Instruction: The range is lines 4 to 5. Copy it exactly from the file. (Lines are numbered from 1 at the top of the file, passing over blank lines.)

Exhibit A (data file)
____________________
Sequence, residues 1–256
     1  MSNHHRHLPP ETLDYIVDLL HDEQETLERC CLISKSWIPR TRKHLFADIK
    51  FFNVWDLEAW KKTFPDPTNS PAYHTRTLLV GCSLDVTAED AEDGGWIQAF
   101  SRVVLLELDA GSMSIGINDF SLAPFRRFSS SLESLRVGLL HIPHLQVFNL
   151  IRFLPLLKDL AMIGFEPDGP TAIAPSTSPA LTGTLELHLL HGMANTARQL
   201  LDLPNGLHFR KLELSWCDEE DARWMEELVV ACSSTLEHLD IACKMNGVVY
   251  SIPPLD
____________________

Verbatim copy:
   101  SRVVLLELDA GSMSIGINDF SLAPFRRFSS SLESLRVGLL HIPHLQVFNL
   151  IRFLPLLKDL AMIGFEPDGP TAIAPSTSPA LTGTLELHLL HGMANTARQL